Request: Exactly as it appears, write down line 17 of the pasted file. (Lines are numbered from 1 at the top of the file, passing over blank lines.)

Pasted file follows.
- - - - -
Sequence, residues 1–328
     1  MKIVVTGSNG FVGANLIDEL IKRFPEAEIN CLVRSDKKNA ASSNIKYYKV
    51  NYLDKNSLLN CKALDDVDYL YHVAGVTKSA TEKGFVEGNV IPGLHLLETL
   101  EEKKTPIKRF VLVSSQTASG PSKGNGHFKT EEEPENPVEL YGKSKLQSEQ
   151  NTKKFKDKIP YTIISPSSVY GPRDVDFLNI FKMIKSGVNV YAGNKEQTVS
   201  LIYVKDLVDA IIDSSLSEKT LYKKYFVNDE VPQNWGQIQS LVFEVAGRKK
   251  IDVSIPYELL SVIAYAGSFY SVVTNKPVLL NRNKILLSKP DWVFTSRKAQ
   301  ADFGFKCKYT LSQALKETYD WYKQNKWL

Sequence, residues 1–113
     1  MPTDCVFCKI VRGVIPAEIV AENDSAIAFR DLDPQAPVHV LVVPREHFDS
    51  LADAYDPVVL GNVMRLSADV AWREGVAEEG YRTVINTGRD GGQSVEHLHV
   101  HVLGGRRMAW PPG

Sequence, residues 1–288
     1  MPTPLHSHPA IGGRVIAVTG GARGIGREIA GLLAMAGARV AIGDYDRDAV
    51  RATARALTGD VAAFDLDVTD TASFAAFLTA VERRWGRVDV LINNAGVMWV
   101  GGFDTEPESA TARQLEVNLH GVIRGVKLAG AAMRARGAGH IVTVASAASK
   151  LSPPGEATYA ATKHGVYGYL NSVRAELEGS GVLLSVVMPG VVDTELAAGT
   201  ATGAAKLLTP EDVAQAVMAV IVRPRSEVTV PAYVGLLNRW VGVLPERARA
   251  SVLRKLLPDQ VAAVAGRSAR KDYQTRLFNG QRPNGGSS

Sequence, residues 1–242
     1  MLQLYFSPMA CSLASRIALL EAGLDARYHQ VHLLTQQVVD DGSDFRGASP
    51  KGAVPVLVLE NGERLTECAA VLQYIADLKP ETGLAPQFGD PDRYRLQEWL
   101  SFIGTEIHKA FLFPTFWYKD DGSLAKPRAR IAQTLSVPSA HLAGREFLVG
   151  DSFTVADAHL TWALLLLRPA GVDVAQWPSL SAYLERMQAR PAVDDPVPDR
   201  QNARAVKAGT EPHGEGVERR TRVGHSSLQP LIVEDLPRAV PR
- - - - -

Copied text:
   151  LSPPGEATYA ATKHGVYGYL NSVRAELEGS GVLLSVVMPG VVDTELAAGT